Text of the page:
A development company’s ability to create products that enrich the world and support clients’ goals — and which users will love — hinges partly on how well it conducts qualitative research. If you’ve been reading our blog, then you already know that we’re big proponents of design thinking so naturally, we conduct a lot of user research. We have a lot of different tools at our disposal, including both quantitative and qualitative research. Neither provides all the answers but combined, both types can cover a lot of ground and give us the kind of insight that we need.
Design thinking is fueled by insight from qualitative data
Design thinking, however, is powered by qualitative research and the insights that come from that kind of data in particular.
As we all know, developing an understanding of the customer takes heaps of raw user data, collected in a variety of ways. But once you amass your data, that’s only the beginning — it’s what you do with all that data once you get back to the lab or the studio that differentiates the product that you develop.
How to draw good, actionable insight from qualitative data collected during design research is, in fact, the puzzle piece that many firms still struggle with. It’s something that we’re always striving to get better here at Making Sense, so we thought we’d share a few tips and insights.
First, get to know the phenomenon known as ‘synthesis’
With quantitative research, numbers are key: how much, how often, at what point. You measure, you assess, you apply algorithms, and you draw conclusions from the numbers. If you have the means at your disposal, there are tools to help you draw insight from the numbers. Harnessing big data in this way isn’t anything new — applying Machine Learning to extract insight is how lots of companies are finding value in their data these days.
But extracting insight from qualitative research? It’s not as “neat” as that. First of all, what you have to work with is a lot of different types of data: sketches, audio, video, text, notes, even feelings! What do you do with user scenarios, personas, interviews, — where’s the truth in all that, the core insight that will drive your product development process, guiding it toward the next great iteration? It starts with the “magic” of synthesis.
Analysis happens when you extract facts from your quantitative data. Synthesis happens when you extract ideas from your qualitative data. It’s ideas that you form after absorbing the data, letting it seep into your subconscious, allowing your brain to process the data and place it in context with the experience and knowledge that exists in your brain.
Synthesis is an organic process and the result is grown organically. It’s not the result of adding 2 and 2 to get four. It’s mixing 2 and blue to get an aha moment. It’s a gut feeling that draws upon the brain’s deep power to synthesize extraordinary volumes of data and find connections. So, while analysis looks broad and far across organized data to find patterns, synthesis looks deep into varied types of data to find connections.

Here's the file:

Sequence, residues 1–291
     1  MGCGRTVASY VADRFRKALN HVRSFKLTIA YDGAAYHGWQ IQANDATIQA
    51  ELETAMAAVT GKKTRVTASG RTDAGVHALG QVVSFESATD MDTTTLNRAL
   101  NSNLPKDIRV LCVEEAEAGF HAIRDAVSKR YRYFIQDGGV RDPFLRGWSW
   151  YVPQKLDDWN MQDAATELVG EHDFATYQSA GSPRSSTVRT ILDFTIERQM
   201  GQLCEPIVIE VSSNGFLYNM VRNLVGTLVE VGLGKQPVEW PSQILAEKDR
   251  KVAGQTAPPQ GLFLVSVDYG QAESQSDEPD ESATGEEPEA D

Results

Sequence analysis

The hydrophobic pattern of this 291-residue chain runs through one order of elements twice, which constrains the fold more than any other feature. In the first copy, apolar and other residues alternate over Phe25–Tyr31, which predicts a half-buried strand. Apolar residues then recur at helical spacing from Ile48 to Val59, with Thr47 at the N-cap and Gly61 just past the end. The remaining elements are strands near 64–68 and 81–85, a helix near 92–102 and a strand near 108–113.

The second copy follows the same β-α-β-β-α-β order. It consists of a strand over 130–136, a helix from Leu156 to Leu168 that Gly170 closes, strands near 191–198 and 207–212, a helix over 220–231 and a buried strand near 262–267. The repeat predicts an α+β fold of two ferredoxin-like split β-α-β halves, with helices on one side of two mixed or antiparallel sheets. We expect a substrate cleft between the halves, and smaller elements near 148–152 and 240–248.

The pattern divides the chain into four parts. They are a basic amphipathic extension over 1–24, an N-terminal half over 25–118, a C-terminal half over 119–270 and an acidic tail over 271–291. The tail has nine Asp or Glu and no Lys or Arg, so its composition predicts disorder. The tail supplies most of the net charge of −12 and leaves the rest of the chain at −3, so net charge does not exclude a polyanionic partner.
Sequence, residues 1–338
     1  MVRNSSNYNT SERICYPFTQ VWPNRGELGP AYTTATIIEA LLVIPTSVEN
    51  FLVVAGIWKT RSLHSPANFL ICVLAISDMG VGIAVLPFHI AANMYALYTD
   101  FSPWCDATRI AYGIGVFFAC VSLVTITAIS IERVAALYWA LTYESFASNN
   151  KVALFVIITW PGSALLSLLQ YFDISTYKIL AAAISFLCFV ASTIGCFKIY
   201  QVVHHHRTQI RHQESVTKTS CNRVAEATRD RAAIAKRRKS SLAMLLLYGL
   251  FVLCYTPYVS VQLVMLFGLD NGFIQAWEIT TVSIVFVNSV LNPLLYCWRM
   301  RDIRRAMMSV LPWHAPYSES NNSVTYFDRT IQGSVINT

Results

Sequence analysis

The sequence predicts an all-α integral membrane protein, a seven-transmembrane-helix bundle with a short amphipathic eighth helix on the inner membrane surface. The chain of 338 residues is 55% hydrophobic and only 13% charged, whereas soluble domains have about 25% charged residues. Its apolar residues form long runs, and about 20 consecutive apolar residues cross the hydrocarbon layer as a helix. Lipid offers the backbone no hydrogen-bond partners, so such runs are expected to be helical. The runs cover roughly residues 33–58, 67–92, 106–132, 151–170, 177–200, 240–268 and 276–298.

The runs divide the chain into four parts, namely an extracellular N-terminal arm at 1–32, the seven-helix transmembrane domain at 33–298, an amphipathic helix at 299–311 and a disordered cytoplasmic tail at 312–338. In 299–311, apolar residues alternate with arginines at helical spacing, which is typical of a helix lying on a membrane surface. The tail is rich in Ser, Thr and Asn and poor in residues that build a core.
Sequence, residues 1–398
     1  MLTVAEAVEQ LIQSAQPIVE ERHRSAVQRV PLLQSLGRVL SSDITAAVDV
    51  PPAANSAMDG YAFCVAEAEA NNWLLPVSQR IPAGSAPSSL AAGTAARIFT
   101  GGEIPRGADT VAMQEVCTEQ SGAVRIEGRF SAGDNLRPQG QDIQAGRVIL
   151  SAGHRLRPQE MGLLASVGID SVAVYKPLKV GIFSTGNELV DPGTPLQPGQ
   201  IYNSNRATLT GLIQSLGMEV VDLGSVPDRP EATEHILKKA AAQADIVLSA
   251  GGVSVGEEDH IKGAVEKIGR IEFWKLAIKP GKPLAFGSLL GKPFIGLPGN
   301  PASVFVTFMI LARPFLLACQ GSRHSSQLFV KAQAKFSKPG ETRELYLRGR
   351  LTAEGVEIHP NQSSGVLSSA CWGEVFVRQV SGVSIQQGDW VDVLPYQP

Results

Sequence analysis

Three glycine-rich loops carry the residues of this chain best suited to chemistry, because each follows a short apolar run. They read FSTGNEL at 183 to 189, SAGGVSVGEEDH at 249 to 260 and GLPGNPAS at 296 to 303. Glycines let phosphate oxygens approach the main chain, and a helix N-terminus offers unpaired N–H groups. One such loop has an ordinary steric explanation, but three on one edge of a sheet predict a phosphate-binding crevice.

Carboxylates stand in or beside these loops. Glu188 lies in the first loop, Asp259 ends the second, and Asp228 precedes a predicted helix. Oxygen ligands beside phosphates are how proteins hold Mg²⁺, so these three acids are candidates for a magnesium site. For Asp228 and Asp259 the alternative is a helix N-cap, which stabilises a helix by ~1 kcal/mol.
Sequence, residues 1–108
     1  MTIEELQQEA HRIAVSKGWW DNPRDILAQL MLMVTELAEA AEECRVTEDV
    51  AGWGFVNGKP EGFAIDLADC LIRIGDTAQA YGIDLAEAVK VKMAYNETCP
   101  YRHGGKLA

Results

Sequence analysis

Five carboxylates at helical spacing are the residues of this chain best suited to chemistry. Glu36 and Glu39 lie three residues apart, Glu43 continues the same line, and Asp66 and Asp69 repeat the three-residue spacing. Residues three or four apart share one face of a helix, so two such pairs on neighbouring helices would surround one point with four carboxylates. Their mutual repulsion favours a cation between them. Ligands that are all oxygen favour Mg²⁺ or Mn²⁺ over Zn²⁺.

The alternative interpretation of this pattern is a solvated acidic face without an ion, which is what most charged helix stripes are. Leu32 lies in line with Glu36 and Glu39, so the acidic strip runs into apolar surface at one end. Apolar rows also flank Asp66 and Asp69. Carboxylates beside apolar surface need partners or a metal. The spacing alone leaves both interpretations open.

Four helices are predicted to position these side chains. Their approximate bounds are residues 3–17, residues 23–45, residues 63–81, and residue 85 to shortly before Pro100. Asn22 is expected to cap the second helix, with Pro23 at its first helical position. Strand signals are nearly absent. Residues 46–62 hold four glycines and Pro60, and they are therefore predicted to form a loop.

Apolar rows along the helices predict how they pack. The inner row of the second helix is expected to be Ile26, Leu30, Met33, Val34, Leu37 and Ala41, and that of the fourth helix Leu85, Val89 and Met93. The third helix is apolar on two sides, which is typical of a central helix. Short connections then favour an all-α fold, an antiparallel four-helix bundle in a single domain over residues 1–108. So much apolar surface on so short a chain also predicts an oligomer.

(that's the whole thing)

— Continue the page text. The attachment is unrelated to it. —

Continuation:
But how do you achieve that?
Try affinity diagramming
You may have heard of affinity diagramming. This is a common method used by designers for sorting out and drawing insight from their raw data. There are a few basic steps, starting with enlisting the help of one of our favorite tools: sticky notes.
- Transpose your user research onto sticky notes: extract important information and use one sticky note for each idea
- Cluster the notes into themes that group the data in ways that make it easier to digest and synthesise — i.e. types of data broken into categories like “pain points” etc
- Group the notes according to insights that emerge. Look for relationships between the different data. For example, what underlying factor might be causing different user behaviors?
- Present the insights you gathered in step three in a format that’s easy for others to understand. This might be a user persona, for example, or an empathy map.
Get more people involved
Four easy steps make it look as easy as pie to get insight from raw user data. But of course, it’s not as simple as that. Fresh perspective is as valuable as gold in this process, so be sure to get the team involved at this point. As a human being, you can’t help bringing assumptions with you when you enter the design lab.
The idea is to move beyond your assumptions and truly see what the data is telling you but that’s a lot easier when you have others to help you out. Your teammates can challenge your assumptions – you can even challenge your own. The more minds involved, the more likely it is that you will be able to uncover the truth that lies there before you in the user data.
Everyone on the team should all have a few important skills, including business knowledge, empathy, and creativity. But this should go without saying, because if you’re working on a design team, these skills are a given. It’s good to know about human behavior, too.
Give it time
Over time, the team begins to develop a sense of how much effort will be involved in creating insights – they will know that they have to keep at it, go over things multiple times, be patient, and approach discussions about the data from different angles. Sometimes it helps to go back and review the client’s business or the industry as a whole – you might find a different angle or a different explanation of the data.
At the end of the day, your qualitative data aren’t worth a darn if you’re not able to extract insight from them. Getting to the underlying “why” will be faster with a team. You’ll need a certain kind of team to get there — one with empathy, creativity, and the ability to communicate new ideas freely to help you challenge your assumptions. The biggest takeaway here? For insights, qualitative research is best handled with a team!